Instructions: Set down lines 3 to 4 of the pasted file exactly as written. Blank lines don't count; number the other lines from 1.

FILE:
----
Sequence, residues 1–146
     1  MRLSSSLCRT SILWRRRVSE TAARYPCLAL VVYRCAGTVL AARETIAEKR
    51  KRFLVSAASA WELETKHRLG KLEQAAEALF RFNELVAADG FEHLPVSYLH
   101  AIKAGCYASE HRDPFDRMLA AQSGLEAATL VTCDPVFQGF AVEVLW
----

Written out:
    51  KRFLVSAASA WELETKHRLG KLEQAAEALF RFNELVAADG FEHLPVSYLH
   101  AIKAGCYASE HRDPFDRMLA AQSGLEAATL VTCDPVFQGF AVEVLW